A decrease in social support can be detrimental to African-American women with breast cancer, according to research from the Washington University in St. Louis – Brown School Public Health Programs.
[Photo: Dr. Tess Thompson]
Researchers analyzed data collected from 2009 – 15 from 227 African-American women newly diagnosed with breast cancer. Participants were interviewed five times over a two-year follow-up period.
Marriage, spirituality and fewer symptoms of depression were significantly associated with higher levels of perceived social support initially, and women whose social support decreased during the first year after diagnosis reported more severe depressive symptoms and worse general health a year later.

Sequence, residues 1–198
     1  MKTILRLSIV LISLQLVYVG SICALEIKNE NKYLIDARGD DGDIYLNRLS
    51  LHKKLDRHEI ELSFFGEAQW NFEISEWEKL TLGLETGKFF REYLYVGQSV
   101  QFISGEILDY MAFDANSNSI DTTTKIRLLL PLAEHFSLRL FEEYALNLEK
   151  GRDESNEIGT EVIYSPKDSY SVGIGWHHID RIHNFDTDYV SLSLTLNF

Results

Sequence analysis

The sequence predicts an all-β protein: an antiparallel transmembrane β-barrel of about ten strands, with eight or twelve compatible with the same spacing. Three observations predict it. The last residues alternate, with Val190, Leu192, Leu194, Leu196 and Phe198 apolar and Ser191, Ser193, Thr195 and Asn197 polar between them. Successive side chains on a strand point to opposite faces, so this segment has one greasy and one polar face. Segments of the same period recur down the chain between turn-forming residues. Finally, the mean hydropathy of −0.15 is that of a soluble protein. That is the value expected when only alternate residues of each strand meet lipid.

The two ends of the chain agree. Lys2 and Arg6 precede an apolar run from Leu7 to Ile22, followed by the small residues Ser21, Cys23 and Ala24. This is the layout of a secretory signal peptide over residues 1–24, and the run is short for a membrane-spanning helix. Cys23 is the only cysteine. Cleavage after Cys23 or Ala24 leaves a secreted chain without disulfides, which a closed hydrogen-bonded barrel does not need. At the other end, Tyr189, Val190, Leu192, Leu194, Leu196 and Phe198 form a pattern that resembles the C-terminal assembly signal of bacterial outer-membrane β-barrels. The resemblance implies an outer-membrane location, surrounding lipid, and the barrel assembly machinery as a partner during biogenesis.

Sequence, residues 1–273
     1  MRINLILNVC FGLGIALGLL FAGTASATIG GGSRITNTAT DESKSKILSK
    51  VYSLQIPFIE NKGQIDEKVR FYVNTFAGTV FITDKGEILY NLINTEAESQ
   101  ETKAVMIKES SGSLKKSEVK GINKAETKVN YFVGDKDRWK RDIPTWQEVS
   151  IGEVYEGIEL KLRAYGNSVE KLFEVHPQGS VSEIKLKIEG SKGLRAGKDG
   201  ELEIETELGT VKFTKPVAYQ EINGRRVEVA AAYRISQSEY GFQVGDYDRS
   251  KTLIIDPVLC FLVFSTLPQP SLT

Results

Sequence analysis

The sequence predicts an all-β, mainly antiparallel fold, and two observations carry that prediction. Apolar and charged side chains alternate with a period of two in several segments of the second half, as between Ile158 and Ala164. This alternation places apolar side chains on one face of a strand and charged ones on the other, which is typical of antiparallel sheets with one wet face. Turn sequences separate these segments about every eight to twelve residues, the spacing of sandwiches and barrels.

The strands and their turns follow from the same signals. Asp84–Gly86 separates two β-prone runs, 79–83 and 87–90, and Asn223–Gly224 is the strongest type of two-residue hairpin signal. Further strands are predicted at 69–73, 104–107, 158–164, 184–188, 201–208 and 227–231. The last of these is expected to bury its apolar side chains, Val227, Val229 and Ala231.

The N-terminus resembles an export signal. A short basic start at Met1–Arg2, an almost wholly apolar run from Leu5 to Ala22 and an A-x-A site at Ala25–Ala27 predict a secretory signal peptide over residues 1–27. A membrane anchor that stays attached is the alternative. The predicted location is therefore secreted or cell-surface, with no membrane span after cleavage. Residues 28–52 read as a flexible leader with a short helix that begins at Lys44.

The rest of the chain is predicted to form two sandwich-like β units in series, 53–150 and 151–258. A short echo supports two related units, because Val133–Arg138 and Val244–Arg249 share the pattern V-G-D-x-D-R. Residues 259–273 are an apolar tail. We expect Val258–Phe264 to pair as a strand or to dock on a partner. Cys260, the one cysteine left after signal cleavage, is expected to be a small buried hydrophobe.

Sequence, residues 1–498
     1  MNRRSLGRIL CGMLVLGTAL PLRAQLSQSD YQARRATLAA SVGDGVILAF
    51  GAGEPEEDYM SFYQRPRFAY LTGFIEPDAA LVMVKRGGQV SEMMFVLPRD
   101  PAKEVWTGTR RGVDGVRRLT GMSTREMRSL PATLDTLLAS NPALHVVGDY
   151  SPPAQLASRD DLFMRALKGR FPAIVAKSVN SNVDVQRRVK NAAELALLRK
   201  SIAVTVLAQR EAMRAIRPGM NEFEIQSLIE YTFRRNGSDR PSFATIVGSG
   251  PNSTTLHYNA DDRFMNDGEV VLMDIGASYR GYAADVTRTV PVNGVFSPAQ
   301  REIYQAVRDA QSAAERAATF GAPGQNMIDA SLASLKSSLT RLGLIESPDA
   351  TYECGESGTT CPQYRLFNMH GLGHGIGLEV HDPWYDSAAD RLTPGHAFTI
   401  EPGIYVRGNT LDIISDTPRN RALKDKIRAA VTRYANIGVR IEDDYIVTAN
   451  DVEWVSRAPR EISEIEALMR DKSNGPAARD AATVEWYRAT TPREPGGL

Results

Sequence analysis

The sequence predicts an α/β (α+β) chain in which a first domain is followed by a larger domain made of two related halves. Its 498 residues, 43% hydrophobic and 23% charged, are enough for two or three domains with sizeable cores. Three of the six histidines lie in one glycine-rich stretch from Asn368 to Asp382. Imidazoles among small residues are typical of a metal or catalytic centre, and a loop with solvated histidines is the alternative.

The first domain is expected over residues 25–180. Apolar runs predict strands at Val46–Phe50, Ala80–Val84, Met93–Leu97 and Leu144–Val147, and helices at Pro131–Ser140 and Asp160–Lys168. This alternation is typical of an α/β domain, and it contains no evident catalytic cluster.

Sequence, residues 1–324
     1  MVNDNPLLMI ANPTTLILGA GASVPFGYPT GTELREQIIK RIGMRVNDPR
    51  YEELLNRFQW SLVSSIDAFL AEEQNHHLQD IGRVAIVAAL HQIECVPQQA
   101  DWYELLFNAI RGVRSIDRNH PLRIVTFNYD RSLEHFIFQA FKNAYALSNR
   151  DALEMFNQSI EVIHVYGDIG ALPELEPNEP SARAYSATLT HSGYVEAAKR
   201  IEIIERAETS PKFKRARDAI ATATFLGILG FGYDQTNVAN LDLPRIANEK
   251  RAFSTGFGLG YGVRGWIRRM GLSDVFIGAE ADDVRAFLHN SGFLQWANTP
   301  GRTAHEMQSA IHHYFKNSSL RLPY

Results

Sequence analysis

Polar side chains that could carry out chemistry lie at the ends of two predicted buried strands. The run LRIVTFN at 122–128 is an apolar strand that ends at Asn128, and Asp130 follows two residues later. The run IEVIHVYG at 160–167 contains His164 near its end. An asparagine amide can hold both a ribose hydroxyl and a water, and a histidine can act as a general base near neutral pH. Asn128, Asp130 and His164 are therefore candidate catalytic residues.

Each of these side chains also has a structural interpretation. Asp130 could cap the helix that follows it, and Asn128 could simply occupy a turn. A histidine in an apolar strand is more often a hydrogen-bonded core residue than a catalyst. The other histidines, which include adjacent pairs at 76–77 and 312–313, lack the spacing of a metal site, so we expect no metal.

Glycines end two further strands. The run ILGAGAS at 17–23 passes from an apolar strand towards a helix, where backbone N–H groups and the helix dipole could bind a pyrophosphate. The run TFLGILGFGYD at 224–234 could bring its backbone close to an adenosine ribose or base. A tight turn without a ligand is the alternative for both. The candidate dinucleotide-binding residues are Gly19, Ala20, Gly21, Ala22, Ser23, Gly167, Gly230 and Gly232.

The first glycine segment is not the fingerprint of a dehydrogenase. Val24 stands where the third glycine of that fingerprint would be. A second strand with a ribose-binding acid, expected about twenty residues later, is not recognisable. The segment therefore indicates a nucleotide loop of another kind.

“Clinicians should periodically assess perceived social support among African-American women with breast cancer,” wrote the study’s lead author, Dr. Tess Thompson, research assistant professor at the Brown School. Clinicians should then help find support resources for patients with low initial support and for those whose support declines in the first year after diagnosis.
The paper was published on-line in advance of the November issue of Social Science and Medicine.